2/8/21

Williams Mug Soap (Combe Inc.)


If we must continue to live under pandemic conditions, I am officially switching from shaving with pedestrian "canned goo," like Barbasol and Gillette, to a synthetic brush and shave soap. One can offset life's big impositions by embracing its small luxuries. There is no better way to do that than by dropping a puck of Williams shave soap into a shave mug and whipping up a stiff lather. 

Except, as gentlemen on B&B point out, lathering is tricky with Williams. Considered to be one of the cheapest standard no-frills soaps a bloke can buy, Williams is notorious for being difficult to whip, even with rigorous brushwork. To succeed you must (a) Use soft water, and (b) "Bloom" the puck before attempting use. I do the following: buy Poland Spring water, and boil some in a kettle. Then I pour it over the puck and wait about twenty minutes. By that point it has absorbed all the water and created a layer of solid fattiness over it, which then needs only a bit of brushwork to resurrect. 

It takes serious motion in my Fendrihan mug to get something like the consistency of whipped cream, but it gets there. I can brush it on my face, and it holds long enough for my razor to do its magic. I have oily skin, so the drying nature of Williams is a plus for me (and a significant minus for anyone with naturally dry skin). The scent? It is identical to the original Ivory bar soap, the one which famously floats. This makes sense, as Williams is the creator of Ivory soap.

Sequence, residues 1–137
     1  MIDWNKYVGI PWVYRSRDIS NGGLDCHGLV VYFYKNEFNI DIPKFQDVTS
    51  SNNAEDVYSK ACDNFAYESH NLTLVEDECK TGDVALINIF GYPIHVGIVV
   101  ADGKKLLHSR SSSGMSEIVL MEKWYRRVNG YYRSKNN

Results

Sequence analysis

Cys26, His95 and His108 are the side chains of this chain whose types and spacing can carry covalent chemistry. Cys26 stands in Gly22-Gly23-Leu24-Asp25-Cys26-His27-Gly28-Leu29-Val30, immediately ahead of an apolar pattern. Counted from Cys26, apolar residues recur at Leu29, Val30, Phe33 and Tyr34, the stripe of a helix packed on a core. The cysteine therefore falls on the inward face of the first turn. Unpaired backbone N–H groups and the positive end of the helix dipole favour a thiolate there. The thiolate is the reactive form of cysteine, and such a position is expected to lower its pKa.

At a buck per puck, this is a true bargain. There are pricier soaps that I'm sure I'll try, but for a guy like me who just wants a quick scratch, Williams is fine, and for the price it's impossible to beat. 

2/1/21

Evergreen Forest (Stirling Soap Company)


Photograph Courtesy Creative Commons by M, 7/19/12

I promised to explore this brand further, so here we are. It is with some trepidation that I review their relatively new Evergreen Forest EDT. It makes me a bit nervous, because this is a difficult fragrance to review fairly. I feel I was a bit too hard on Stirling Spice, a pretty good oriental that awkwardly compares to vintage Old Spice (and stands better on its own), and I don't want to make the same mistake twice, but I'm afraid this post will leave Stirling fans disappointed (no backsies this time).

The standard test of a label's chops is to see how it handles a "green" fragrance. If a company can render botanical notes well, it can do anything. Pine notes are among the most difficult to create for a few reasons: the inevitable comparisons to floor cleaner, the tendency to resemble car air fresheners, and the scent of fresh conifers gets tiresome fast, even if conveyed accurately. Pino Silvestre succeeds as a fougère by using basil as a dupe for pine, and it ends up smelling warm and expansive. Acqua di Selva blends mint with its pine notes to freshen things without straying into air-care territory. It takes a degree of cleverness to pull off a good evergreen frag. The perfumer must understand that less is more, and focus on compositional balance above all else.

Stirling's scent screams "PINE-SOL!!!" for an hour, then morphs into a neon Christmas tree: loud, unpleasant. It lacks dimensionality, and resembles True North by Little Trees. Perhaps some lavender or spice would've helped. Instead the perfumer misused a cheap frankincense note, and I find myself marginally appreciating the heart more than the top. The base just fades everything out. Does it conjure up a mystical emerald forest of wolves and witches and gorgeous lake sirens? I wish, but no. Avoid this one.